The camera follows this man until he stops and the camera walks around him and seems to show a POV shot of a person looking back down the street. The man stops to pour alcohol into his coffee and then a sudden loud noise and smoke shows a bomb blowing up the coffee shop that he had just left. The audience are exposed to a high pitched, piercing, ringing sound that gives the hint of the man’s ears ringing from the aftershock of the bomb, and on screen are shown a woman staggering out of the coffee shop with her arm in her other hand.
At 2:30, this goes straight to black with font that reads “CHILDREN OF MEN” in a contrasting, bright white text.
Next, to the left hand side of the screen, we see a queue of people waiting to hand over their identification to a man in a uniform. In the middle of the shot, on a pillar, we see a form of British propaganda, which again is echoing the idea of war and perhaps referencing the wars that Britain have already been through. The camera follows the man as he is scanned, then skips to inside his place of work. Once again, a hand-held camera is used to follow the man through the big open space, with a tense but sad soundtrack playing in the background, and allows the viewers to see the futuristic desk spaces, as well as the sad looking people who are all sat behind them. It appears that everyone in this film is affected by the death of “the youngest living human”, Baby Diego, except lead character of the man, as throughout the office space the diegetic sound of people sniffing and/or crying about the tragedy.
At work, he instantly seems to decide he does not want to be amongst the depressing atmosphere of his workplace, and goes to speak to his boss; the audience get the idea that his boss is a stereotypical British man, with cricket memorabilia littering his office, a cup of tea in his hand and eating biscuits. His boss lets him leave, and the viewers see the man get onto the train.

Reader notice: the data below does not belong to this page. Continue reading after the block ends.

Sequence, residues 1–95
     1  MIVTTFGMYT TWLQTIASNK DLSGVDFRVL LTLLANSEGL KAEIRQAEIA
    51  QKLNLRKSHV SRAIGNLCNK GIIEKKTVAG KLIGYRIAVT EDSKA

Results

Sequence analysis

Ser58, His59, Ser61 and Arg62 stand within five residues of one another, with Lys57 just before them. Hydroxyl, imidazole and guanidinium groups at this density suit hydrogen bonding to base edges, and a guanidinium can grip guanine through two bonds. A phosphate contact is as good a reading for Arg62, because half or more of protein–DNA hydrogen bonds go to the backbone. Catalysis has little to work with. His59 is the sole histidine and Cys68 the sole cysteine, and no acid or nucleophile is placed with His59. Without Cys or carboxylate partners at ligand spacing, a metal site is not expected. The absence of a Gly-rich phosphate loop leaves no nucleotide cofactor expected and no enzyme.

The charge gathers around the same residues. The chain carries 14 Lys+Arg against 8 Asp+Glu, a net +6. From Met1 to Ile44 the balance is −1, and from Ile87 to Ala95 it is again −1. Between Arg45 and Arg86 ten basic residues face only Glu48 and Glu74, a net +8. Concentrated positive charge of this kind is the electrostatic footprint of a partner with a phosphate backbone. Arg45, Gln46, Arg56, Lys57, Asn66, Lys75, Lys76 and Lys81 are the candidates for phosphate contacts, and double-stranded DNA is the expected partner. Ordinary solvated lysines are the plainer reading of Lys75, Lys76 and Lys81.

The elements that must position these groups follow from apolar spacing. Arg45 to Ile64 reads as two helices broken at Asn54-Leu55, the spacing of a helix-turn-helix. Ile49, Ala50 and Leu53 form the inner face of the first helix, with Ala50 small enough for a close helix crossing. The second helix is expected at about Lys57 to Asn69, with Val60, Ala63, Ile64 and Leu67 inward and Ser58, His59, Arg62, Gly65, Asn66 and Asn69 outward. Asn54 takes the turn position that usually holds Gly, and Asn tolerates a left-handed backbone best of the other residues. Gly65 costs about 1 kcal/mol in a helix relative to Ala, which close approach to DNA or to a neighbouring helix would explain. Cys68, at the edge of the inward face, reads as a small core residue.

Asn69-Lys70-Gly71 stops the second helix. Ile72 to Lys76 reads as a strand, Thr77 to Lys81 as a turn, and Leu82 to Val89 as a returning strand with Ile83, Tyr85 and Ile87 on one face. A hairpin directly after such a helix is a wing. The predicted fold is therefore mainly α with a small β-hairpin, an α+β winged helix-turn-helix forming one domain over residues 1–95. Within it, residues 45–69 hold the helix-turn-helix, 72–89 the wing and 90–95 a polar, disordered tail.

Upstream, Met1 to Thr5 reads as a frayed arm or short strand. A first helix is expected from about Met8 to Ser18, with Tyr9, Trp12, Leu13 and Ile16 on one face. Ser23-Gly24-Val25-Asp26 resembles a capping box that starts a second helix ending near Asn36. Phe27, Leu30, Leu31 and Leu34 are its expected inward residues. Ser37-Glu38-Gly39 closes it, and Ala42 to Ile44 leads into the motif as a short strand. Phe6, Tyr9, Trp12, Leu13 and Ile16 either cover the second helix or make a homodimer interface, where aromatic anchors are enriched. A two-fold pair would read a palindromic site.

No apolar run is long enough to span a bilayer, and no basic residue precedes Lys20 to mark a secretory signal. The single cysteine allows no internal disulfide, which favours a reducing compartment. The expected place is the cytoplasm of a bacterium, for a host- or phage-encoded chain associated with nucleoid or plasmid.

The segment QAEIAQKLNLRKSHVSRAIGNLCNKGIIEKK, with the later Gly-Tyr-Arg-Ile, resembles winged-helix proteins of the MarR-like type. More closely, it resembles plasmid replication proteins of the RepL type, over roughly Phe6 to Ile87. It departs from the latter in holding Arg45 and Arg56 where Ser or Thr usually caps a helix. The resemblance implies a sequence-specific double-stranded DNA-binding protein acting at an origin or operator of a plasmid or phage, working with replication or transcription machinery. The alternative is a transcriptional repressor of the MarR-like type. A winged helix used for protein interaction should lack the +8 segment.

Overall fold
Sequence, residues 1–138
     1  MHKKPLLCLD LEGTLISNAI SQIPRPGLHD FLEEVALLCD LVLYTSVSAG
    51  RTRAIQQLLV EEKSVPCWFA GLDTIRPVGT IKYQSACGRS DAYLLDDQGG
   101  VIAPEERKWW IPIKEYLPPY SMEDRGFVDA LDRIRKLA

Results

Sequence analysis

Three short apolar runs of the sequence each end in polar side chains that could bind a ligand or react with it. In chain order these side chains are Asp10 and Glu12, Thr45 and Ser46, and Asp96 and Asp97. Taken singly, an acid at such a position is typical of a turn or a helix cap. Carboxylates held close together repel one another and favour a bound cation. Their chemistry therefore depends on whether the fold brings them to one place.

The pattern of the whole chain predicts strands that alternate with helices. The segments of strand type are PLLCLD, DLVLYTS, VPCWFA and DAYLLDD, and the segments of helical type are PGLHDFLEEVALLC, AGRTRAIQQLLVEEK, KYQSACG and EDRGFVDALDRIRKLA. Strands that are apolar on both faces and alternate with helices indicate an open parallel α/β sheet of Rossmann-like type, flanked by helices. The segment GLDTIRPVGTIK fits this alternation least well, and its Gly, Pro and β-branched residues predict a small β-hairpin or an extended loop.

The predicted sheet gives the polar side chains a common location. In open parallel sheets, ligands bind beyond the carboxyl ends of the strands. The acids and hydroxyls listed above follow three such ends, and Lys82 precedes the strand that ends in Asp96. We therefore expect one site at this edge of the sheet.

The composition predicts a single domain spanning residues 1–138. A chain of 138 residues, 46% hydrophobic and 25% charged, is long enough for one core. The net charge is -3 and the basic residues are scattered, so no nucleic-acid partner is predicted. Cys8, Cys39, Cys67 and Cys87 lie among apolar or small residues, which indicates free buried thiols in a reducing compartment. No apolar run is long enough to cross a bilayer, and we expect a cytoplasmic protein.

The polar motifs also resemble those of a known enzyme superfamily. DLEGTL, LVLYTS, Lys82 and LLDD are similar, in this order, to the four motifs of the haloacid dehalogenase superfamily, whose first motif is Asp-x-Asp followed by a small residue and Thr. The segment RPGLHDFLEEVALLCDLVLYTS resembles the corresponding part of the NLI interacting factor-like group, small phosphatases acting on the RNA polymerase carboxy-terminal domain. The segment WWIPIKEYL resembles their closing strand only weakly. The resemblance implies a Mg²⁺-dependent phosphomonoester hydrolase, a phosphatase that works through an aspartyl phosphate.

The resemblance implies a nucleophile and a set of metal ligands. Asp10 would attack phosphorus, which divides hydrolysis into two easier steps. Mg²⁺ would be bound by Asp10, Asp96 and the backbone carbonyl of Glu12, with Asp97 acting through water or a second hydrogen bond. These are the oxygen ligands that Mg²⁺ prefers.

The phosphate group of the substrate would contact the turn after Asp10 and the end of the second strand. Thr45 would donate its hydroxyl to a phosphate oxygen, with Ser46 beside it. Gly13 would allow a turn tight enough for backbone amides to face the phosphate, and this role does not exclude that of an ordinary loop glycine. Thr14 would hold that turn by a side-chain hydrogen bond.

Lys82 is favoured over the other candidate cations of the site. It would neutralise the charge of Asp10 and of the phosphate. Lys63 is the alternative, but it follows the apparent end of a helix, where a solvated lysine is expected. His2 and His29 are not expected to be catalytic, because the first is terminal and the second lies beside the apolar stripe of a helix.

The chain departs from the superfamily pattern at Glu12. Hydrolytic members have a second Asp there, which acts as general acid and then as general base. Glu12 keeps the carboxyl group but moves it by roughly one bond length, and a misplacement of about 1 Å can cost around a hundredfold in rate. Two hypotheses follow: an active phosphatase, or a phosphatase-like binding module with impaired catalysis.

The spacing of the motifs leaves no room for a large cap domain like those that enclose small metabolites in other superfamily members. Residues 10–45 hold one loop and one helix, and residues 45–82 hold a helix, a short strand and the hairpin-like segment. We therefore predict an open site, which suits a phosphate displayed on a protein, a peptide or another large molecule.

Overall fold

During the man’s train commute, a propaganda video is playing; this video shows scenes from cities across the world who all seem to be greatly affected by the things happening at the moment “THE WORLD HAS COLLAPSED”, but portrays Britain as the only country to be standing strong, “ONLY BRITAIN SOLDIERS ON”. The camera pans down from the TV screens on the train to the man, sat by him looking glum, this shot also shows the window next to him which has wire protecting the glass. His facial expression suggests that he is deep in thought, perhaps daydreaming, until a loud noise makes him jump and brings him back to the ‘real world’. A shot out of the window shows the train passing through a rough area, with fires burning and graffiti on the walls, and it is here that the audience see where the loud noises are coming from; some hooded people throw objects at the train as it goes by.